– Nancy T. Ammerman, Professor of Sociology of Religion, Boston University, USA
"It is widely assumed that Western Europe is relentlessly pursuing a path of secularisation. This collection of detailed essays on aspects of London churchgoing since 1980, however, raises fundamental questions about that idea. It shows that there were more Christian worshippers in the 2010s than in the 1980s, with the pattern of growth including the Anglicans of the diocese of London. Future studies of Western European religion will have to take account of the desecularisation of Britain’s capital."
– Professor David Bebbington, University of Stirling, UK
"For several years now, London has been the ‘exceptional case’ within British religiosity in general, and Christianity in particular. That something is afoot in a good number of London’s churches has been clear for a while. But what, where, and why it is afoot… that’s something we’ve had to wait until now to find out."
– Professor Stephen Bullivant, Director of the Benedict XVI Centre for Religion and Society, St Mary’s University, Twickenham, UK
"Traditional wisdom held that religion flourished in the village and withered in the city. But now the rural church is in sharp decline, while church-going (as well as attendance at mosques, temples and synagogues) is highest in the cities, notably London. Mixing thorough analysis of the statistics and lively local case-studies with well-nuanced, though inevitably more speculative, interpretative overviews, this book identifies the varied causes and the possible consequences of this important reversal."
– Hugh McLeod, Emeritus Professor of Church History, University of Birmingham, UK
"Debates about the place of religion in our society tend to be higher in empirical assertions than they are in empirical evidence. This well-researched book confounds a wide array of stereotypes that afflict debates on areas such as secularization, the effect of immigration on the Christian character of England, and the potential for numerical growth in England’s churches."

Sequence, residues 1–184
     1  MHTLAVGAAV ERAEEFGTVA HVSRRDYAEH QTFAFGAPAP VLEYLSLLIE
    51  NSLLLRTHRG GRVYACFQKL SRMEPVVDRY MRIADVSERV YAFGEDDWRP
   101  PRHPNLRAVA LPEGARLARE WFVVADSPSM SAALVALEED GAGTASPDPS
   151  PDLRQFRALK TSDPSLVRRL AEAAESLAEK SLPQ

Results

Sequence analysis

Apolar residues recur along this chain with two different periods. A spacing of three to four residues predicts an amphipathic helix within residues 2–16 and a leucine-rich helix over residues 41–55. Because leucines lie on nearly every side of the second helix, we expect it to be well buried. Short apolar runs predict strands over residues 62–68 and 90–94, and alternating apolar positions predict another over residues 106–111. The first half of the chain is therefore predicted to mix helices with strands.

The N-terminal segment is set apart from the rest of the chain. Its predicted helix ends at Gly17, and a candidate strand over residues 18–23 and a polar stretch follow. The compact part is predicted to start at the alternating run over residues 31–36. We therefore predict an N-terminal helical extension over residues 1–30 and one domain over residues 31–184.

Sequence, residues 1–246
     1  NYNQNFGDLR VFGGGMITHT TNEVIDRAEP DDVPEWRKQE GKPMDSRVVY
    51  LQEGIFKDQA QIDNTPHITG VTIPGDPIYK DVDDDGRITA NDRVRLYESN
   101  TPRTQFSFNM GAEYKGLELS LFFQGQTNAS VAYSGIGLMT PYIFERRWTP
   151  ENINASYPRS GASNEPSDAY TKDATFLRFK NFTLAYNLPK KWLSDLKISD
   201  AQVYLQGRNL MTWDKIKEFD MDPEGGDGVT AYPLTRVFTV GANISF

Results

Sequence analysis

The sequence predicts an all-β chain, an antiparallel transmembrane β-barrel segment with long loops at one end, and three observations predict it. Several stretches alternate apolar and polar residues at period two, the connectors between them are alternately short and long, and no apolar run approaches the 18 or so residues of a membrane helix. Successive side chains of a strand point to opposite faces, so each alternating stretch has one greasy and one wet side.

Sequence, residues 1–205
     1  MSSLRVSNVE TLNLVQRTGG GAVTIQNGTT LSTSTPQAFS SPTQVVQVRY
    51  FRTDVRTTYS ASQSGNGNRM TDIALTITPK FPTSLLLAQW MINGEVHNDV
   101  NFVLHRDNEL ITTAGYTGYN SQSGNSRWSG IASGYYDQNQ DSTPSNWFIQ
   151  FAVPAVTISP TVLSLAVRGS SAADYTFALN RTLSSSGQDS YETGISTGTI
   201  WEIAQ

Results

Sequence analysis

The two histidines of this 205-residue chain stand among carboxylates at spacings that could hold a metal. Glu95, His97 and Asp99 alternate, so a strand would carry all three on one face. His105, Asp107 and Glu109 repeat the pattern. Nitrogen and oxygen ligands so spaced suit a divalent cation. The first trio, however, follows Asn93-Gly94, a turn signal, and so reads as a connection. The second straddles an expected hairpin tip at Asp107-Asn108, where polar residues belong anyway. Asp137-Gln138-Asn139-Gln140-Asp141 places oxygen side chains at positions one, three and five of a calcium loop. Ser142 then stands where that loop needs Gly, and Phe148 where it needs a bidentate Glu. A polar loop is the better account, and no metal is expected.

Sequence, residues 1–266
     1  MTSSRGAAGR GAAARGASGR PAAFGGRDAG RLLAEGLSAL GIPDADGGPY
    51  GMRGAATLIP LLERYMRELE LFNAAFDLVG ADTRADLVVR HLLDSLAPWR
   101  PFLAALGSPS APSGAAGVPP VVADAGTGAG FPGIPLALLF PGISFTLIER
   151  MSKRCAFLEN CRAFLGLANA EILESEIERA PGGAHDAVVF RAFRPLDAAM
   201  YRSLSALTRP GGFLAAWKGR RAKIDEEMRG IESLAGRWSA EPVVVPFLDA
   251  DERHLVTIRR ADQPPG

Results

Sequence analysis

- Angus Ritchie,The Living Church
Section One: The Desecularisation of the City
1 The Desecularisation of the City: London’s Churches, 1980 to the Present
David Goodhew and Anthony-Paul Cooper
Section Two: Changes in London’s Churches, 1980 to the Present
2 The Demography of Religion in London since 1980
3 The 2012 London Church Census
4 Walking down the Old Kent Road: New Black Majority Churches in the London Borough of Southwark
5 New Churches in Newham
6 Using Geotagged Twitter Data to Uncover Hidden Church Populations
7 Growth and Decline in London Methodism, 1980 to the Present
Section Three: Ethnicity and London’s Churches
8 Mission Out of Africa: The Case of the Redeemed Christian Church of God in London
9 Brazilian churches in London
10 Capital-wide Missions and the Rise of London’s Black-led Churches
11 Demographics and the Russian Orthodox Church in London
Section Four: Denominational Shifts
12 London’s New Churches: The example of the Newfrontiers Network
Sam Jeffery and William K Kay
13 The Diocese of London and the Anglican Church in London, 1980 to the Present
14 Anglican Church Planting in East London, c. 2005-15
15 Visibly Different: Continuity and Change at Westminster Cathedral
Marion Bowman, Simon Coleman, John Jenkins, Tiina Sepp
Section Five: The Wider Historical and Sociological Contexts
16 Church Decline and Growth in London: Taking the Long View
17 London’s Churches: Sociological Perspectives